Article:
Long Market Property Partners has come a long way, and few investors are now daring to buy a downtown San Francisco office building.
The San Francisco-based real estate firm bought a 48,500-square-foot building for $17.6 million 40 Jessie Street, in the Financial District, San Francisco Business Times reports. Seller is Golden Gate University.
Offices are priced at $362 per square foot.
The building, located in a lane behind the University’s Mission Street campus, was once the location of the Student Services Centre. It went on sale last fall.
Long Market describes the recently renovated and fully leased property as “an R&D office building in the heart of San Francisco’s Transbay neighborhood.”
“We are excited to invest in a building that offers this unique combination of lab and office space in a prime downtown San Francisco location,” Long Market principal Justin Shapiro said in a statement.
Its improvements are “a perfect fit for San Francisco’s current climate, where old office inventory is being re-imagined for more modern tenants,” Shapiro said. “We believe this building is unique in downtown San Francisco and will serve as a model for others to follow in years to come as the old office asset is repurposed.”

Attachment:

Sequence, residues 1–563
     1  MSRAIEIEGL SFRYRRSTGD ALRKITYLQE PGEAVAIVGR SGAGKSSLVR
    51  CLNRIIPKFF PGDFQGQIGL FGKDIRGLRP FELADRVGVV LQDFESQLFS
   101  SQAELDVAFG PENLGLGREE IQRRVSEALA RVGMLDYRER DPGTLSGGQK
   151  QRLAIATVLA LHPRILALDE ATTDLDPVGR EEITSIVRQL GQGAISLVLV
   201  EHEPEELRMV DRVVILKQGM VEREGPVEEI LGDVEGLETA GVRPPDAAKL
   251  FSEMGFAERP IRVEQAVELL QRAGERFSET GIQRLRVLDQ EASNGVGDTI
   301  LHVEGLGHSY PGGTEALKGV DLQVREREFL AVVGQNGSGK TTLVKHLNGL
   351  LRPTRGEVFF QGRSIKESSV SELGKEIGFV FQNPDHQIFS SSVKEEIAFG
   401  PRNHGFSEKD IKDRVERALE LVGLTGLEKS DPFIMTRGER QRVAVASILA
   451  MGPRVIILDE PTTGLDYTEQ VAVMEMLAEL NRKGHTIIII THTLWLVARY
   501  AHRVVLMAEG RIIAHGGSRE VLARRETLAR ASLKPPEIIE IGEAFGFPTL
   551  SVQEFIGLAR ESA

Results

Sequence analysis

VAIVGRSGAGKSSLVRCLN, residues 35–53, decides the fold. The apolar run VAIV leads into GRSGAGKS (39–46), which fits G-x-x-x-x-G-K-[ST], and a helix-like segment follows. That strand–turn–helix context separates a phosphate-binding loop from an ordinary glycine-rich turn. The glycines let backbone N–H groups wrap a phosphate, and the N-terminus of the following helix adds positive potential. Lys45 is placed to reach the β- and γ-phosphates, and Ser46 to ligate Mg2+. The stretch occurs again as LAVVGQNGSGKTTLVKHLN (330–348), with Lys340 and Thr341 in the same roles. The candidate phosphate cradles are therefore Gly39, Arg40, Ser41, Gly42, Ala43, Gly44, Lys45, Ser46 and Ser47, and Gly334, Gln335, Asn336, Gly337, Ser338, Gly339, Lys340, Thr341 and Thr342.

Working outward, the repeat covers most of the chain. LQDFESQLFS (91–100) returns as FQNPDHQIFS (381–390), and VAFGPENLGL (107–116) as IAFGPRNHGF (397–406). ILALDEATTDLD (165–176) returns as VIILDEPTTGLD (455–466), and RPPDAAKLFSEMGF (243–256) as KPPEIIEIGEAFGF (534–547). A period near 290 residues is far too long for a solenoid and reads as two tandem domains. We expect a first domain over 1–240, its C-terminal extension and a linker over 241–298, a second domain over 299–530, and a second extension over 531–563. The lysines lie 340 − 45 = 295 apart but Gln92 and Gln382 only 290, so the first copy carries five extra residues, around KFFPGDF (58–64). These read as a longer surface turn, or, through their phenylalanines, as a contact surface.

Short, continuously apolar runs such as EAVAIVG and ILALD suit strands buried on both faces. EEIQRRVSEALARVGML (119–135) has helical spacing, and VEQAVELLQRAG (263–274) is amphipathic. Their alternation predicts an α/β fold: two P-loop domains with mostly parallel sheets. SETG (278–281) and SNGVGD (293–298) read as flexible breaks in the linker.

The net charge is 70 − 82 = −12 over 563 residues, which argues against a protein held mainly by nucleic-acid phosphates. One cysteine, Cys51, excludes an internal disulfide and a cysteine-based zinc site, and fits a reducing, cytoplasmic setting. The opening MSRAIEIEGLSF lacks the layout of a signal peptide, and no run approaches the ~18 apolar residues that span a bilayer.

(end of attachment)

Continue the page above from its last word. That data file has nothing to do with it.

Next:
Golden Gate University listed the building in September Along with a 210,000-square-foot campus at 536 Mission StreetIt has owned the company since 1964, The Business Times reported. Both buildings are within one block of the Salesforce Tower.
Eastdil Secured is processing the University property listing. It’s unclear the status of the second sale.
Golden Gate president David Fike told The Business Times that it is selling its university campus buildings due to the shift to hybrid and distance learning. The 170-year-old private university will remain in San Francisco, he said.
university that traces its history Rooted in evening lectures at the San Francisco YMCA during the California Gold Rush of the 1850sOffers undergraduate and postgraduate degrees for careers in accounting, taxation, law and business.
In the age of remote work and technology layoffs, one third office Now vacant in the city – there is a subletting glut flooding the office market. San Francisco faces a wave of office defaults this year due to soaring vacancy rates, rising interest rates and falling values of older buildings, experts say.
— Dana Bartholomew